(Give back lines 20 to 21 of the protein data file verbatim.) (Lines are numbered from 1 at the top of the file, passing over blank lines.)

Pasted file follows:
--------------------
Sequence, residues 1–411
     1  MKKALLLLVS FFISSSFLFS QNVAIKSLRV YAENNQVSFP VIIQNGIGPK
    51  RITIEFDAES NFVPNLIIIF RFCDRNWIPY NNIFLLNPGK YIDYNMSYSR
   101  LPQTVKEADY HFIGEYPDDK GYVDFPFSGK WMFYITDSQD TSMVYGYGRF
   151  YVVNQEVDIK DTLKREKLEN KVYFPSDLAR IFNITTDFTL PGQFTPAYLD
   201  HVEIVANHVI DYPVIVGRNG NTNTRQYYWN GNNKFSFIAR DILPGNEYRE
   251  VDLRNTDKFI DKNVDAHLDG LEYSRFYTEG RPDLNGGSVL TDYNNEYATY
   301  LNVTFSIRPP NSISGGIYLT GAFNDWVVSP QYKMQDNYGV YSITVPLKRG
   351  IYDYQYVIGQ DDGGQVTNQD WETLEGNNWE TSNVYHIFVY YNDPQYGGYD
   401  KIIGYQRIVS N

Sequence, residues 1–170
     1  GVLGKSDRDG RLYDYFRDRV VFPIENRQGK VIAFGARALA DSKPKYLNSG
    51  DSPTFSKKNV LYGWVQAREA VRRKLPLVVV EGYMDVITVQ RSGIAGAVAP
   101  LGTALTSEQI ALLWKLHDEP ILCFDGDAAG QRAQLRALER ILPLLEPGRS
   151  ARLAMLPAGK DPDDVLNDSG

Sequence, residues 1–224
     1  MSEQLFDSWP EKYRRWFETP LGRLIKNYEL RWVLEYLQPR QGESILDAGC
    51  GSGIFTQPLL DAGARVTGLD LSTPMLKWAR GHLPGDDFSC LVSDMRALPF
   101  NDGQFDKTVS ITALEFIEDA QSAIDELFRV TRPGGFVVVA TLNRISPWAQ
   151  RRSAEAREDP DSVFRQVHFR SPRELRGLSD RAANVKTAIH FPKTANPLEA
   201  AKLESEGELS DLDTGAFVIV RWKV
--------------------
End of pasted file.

   151  RRSAEAREDP DSVFRQVHFR SPRELRGLSD RAANVKTAIH FPKTANPLEA
   201  AKLESEGELS DLDTGAFVIV RWKV